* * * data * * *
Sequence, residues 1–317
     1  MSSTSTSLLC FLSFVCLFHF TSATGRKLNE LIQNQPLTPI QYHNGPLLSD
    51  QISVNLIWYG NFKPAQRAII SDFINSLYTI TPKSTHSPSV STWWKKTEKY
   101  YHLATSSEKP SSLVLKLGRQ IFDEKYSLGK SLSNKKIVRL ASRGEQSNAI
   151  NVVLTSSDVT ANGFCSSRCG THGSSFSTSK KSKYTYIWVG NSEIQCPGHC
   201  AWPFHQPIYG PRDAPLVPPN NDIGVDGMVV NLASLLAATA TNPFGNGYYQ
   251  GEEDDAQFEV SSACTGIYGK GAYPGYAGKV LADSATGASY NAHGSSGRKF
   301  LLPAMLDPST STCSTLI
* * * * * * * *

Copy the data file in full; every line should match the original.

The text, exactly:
Sequence, residues 1–317
     1  MSSTSTSLLC FLSFVCLFHF TSATGRKLNE LIQNQPLTPI QYHNGPLLSD
    51  QISVNLIWYG NFKPAQRAII SDFINSLYTI TPKSTHSPSV STWWKKTEKY
   101  YHLATSSEKP SSLVLKLGRQ IFDEKYSLGK SLSNKKIVRL ASRGEQSNAI
   151  NVVLTSSDVT ANGFCSSRCG THGSSFSTSK KSKYTYIWVG NSEIQCPGHC
   201  AWPFHQPIYG PRDAPLVPPN NDIGVDGMVV NLASLLAATA TNPFGNGYYQ
   251  GEEDDAQFEV SSACTGIYGK GAYPGYAGKV LADSATGASY NAHGSSGRKF
   301  LLPAMLDPST STCSTLI